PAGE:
Charlie Montoyo’s path to become a Major League manager has included more than its fair share of twists and turns along the way.
After his playing days ended in the fall of 1996, the former Bakersfield Blaze skipper made stops at every level during an 18-year career managing in the minor leagues before becoming a coach with the Tampa Bay Rays in 2015.
His travels led him to places like Princeton, W. Va., Hudson Valley, N.Y., Charleston, S.C., Orlando, Fla., Montgomery, Ala., and Durham, N.C., before his efforts paid off last year when he was hired to manage a young, but talented Toronto Blue Jays squad.
It’s been quite a ride for Montoyo, but one he hopes will continue for years to come. It’s also a journey that he only recently has been able to appreciate while spending time away from the game during the current MLB work stoppage due to the COVID-19 pandemic.
“I’m able to now,” said Montoyo, who was 67-95 in his first year with the Blue Jays. “Because when you get the job you just go and go and there’s no time to stop and reflect. Going through the season is a grind. And during the offseason you don’t really have one because you have to do this and you have to do that. So during this time it’s given me time to reflect on everything that I have done.”
It’s a far cry from his two-year stint in Bakersfield where he and pitching coach Marty DeMerritt slept in their respective offices in the team’s clubhouse to save money during the 2002 season.
“From sleeping in the clubhouse in Bakersfield did I ever think I’d be managing in the big leagues? ‘No,’ ” said Montoyo, who had a .525 winning percentage in more than 2,500 career games as a minor league manager. “But I was always that guy that was never worried about (the next job), I was thinking about my job in hand. Be the best Single-A manager I could be or whatever. When I got to Double-A it was the same way. Because I’ve seen so many coaches through the years that are so worried about moving up and stuff, they forget the job at hand. I didn’t want to be that guy.”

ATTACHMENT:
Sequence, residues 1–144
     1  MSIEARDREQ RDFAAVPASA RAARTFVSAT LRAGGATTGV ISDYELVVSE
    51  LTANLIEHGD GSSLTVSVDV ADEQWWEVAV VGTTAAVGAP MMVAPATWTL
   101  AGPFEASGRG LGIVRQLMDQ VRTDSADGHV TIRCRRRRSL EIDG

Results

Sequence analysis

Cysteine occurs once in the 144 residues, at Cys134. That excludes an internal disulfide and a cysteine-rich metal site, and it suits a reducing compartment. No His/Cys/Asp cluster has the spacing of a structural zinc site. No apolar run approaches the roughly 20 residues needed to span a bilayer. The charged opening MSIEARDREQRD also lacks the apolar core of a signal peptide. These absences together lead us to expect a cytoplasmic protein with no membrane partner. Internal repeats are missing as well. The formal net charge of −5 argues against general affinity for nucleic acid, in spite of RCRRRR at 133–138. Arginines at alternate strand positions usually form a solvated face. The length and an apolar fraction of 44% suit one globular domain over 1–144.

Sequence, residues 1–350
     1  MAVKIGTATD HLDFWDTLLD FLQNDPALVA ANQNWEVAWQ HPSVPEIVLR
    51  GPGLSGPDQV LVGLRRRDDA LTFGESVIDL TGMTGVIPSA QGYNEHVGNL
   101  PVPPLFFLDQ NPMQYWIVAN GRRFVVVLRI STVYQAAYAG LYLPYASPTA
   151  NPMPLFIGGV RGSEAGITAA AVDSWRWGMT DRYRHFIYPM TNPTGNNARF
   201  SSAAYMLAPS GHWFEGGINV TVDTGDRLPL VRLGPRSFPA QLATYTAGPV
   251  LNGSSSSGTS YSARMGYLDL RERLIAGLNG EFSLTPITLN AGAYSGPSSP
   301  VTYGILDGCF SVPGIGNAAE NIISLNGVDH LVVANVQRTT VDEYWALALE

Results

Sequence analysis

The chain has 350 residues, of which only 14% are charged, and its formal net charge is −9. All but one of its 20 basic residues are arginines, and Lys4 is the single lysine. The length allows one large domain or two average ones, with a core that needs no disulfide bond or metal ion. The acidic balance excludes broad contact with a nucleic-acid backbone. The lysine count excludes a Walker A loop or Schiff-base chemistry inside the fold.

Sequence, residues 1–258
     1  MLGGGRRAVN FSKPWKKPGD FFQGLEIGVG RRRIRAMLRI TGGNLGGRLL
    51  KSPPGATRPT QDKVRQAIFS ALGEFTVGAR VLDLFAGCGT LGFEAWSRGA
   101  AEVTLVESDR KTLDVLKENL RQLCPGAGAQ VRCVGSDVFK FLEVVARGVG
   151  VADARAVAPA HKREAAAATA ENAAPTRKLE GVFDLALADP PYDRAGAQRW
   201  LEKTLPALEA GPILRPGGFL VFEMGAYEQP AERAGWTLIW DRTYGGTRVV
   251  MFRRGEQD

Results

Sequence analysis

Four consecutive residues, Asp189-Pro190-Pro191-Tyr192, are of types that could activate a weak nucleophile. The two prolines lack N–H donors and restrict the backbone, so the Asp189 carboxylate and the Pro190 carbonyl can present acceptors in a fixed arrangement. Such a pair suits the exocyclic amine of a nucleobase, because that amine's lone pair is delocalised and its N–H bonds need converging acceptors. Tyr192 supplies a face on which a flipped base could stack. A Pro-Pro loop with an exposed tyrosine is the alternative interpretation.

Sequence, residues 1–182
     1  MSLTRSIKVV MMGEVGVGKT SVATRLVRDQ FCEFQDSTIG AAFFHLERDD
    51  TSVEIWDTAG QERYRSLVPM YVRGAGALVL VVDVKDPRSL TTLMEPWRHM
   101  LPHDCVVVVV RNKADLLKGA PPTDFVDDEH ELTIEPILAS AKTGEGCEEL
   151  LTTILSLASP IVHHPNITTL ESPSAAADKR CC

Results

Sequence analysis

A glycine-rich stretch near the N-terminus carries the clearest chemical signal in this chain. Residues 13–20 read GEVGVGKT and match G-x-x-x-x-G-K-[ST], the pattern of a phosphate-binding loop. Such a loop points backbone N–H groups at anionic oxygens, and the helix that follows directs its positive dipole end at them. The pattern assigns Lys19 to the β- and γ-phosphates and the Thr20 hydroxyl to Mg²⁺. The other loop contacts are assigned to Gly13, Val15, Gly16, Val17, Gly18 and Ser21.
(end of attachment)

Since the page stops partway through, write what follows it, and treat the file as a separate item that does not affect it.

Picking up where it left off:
Staying in the present back then in Bakersfield also meant doing his share of walking, since Montoyo did not have a car. That led to nightly walks to the nearby FoodMaxx for groceries or a stop by the Jack In The Box across the street while DeMerritt provided laundry and general clubhouse cleaning duties.
“I remember I had a blow-up mattress in my office,” Montoyo said. “I’d take the air out so when the players come in they don’t see it. So I’d have to be up early on so when guys come in (they wouldn’t see it). I was pretty good at hiding it."